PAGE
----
Angels Sang Not Only in Bethlehem


The word “angel” means “messenger”, for the angels proclaimed the will of God to people. However, the angels are not only messengers, but also singers, “choir directors” of the Heavenly realm. A song is a harmony of sounds and words, thoughts and feelings. A song is an exclamation from the depths of the heart. For out of the abundance of the heart the mouth speaketh (Mt. 12:34), and out of overabundance of the heart the mouth sings. The angels have blessings in abundance and a fullness of heavenly joy. People sing when they are happy, or when they want to drive away melancholy and regain their joy. The angels sing because they can’t help but sing.

The singing of the angels is the jubilation of Heaven. In Heaven… angels do always behold the face of My Father which is in Heaven (Mt. 18:10). The Angels are always with God. But how can one who is with God not rejoice? Our earthly joys are expressed in singing. But our singing, even the most inspired, is merely a faint shadow of Heavenly joy.

In the Old Testament, the angels did not sing. More precisely, the Lord did not vouchsafe people to hear angelic singing. For how will one hear who is spiritually deaf? How will one who is accustomed, in the words of Mikhail Lermontov, only to “earth’s boring songs”1, understand the harmony of Heaven?

Only to the righteous Job the Long-Suffering did the Lord Himself slightly revealed the mystery: When the morning stars sang together, and all the sons of God shouted for joy (Job 38:7)—the angels met the joy of life, the joy of being, with a wondrous chorus of praise of God. Moreover, Prophet Isaiah contemplated the highest angelic rank—the seraphim, who stood before the majestic throne of God, crying out to each other and saying: Holy, holy, holy, is the Lord of hosts: the whole earth is full of His glory (Is. 6:3).

In the Old Testament, the Angels showed people their unapproachable greatness and superior power. A cherub with a fiery sword threateningly guarded Paradise closed to people (Gen. 3:24). An Angel of the Lord killed 185,000 Assyrians who were besieging Jerusalem in one night (2 Kings 19:35). And even the Archangel Gabriel, who struck the priest Zechariah silent, acted according to the rules of the Old Testament—that was only the threshold of the New Testament.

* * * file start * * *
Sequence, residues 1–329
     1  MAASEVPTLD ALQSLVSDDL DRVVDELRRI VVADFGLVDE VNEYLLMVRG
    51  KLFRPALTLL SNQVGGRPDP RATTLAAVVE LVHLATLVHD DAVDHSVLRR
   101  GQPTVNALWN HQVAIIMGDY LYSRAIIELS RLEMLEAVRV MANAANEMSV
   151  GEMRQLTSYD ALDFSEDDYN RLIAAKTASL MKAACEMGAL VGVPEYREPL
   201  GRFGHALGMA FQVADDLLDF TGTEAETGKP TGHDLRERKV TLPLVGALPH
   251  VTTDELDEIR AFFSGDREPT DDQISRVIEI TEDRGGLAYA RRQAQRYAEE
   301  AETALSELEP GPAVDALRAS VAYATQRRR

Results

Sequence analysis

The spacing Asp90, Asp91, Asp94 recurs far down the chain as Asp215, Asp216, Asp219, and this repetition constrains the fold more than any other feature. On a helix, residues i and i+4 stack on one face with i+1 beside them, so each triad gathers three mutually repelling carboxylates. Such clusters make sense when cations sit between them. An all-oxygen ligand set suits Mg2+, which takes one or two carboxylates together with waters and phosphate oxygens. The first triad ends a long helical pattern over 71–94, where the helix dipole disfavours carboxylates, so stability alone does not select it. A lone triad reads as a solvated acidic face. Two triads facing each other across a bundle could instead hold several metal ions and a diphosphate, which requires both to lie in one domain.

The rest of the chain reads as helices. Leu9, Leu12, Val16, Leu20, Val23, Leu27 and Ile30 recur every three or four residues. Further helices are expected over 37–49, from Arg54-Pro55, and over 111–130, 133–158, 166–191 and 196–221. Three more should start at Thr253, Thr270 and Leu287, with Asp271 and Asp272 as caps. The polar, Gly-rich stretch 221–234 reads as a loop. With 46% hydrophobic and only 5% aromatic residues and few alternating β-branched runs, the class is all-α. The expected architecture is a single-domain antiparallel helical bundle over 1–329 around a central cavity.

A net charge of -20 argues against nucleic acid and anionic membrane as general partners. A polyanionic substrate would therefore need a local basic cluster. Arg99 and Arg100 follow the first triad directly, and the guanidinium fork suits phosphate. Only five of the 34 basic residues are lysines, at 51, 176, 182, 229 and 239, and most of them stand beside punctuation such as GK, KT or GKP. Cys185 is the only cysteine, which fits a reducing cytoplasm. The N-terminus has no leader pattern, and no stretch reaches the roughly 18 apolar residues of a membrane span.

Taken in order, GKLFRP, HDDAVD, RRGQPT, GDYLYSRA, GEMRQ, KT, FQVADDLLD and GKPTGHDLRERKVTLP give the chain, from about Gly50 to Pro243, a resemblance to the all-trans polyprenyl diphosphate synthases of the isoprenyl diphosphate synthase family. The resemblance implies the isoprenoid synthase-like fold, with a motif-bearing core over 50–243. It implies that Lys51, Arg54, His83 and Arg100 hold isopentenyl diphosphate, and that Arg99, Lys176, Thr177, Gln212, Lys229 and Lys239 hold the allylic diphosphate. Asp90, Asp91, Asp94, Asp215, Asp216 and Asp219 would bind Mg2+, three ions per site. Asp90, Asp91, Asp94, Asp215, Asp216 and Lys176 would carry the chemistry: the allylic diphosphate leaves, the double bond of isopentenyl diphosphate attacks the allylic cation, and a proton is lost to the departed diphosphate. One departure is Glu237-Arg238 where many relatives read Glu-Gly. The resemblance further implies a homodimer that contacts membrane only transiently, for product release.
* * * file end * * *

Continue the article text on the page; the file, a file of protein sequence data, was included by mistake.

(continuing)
And it was not until Christ was born, the learned Magi followed the wondrous star, and the illiterate shepherds tended their flocks of meek sheep that angelic singing illuminated our faraway earthly world with the wondrous praise: Glory to God in the highest, and on earth peace, good will toward men (Lk. 2:14). God became man, Heaven came down to earth, and thus people became related to the angels. What is man, that Thou art mindful of him? and the son of man, that Thou visitest him? For Thou hast made him a little lower than the angels, and hast crowned him with glory and honour (Ps. 8:5-6). The whole point of Christian life is for us to be where the angels are now. There is joy in the presence of the angels of God over one sinner that repenteth (Lk. 15:10). That is why in the New Testament angels sing for people who are pure in heart, and the Lord gave people the opportunity to speak with angelic tongues.

But angelic singing is not only an attribute of the holy verses of the Scriptures. Holy Scripture is given to us for life, and angels manifest themselves in the lives of people. St. Ignatius the Godbearer (†107) in a vision contemplated angelic choirs singing of the Holy Trinity in antiphons and after that he introduced antiphonic singing in the Church of Antioch. In the fifth century, during an earthquake in Constantinople, people gathered for common prayer. According to legend, a boy was then lifted to heaven by an invisible force, and when he returned to the earth he said that he had heard angels singing: “Holy God, Holy Mighty, Holy Immortal.” Repeating this prayer, the people added, “have mercy on us,” and the earthquake stopped.

Angelic singing is given us as a consolation, a testimony that our Heavenly patrons are close to us. They are co-participants of the Church services, and they are singers of the wonderful Providence of God.

This is what happened at our St. Nicholas-Ugresh Monastery, connected with St. Pimen of Ugresh. In fact, having arrived at the monastery in 1834, the Venerable Pimen himself heard angelic singing in the Dormition Church. This is reflected in the akathist dedicated to him:

Rejoice, thou who on arriving in Ugresh Monastery didst hear angelic singing.
Rejoice, thou who didst preserve this singing as grace in thy heart until death.

In the late twentieth and early twenty-first centuries the monastery collected information for the canonization of Archimandrite Pimen. A wizened old woman lay in one of the buildings of the monastery, which then belonged to the city. Her name was Olga Ivanovna Zhukova. The monastery was still being filled with brethren, and the buildings were gradually being handed over to it. Just beyond the wall of Olga Ivanovna’s apartment was the cell of Igumen Bartholomew, now the abbot of the St. Nicholas-Ugresh Monastery. Fr. Bartholomew was invited to visit Olga Ivanovna, where heard her confession and gave her Holy Communion. She spoke about her life and shared memories of early childhood, which she then repeated in an audio recording. That information turned out to be extremely important for St. Pimen’s Churchwide veneration. Olga Ivanovna simply shared her childhood impressions, which were engraved in her memory and remained for the rest of her life. As a small child, she often came to St. Pimen’s grave and heard marvelous, amazing, unearthly singing there, but due to her young age she could not explain this properly—she told it to the adults, but they did not believe her. Many decades passed, and Olga Ivanovna became wizened like a mummy. She used to say: “My death is lost.” But once she told the monastery brethren about the angelic singing at St. Pimen’s grave, she soon died. The Lord did not allow her to pass into eternity until she passed on her testimony to those who were able to receive it.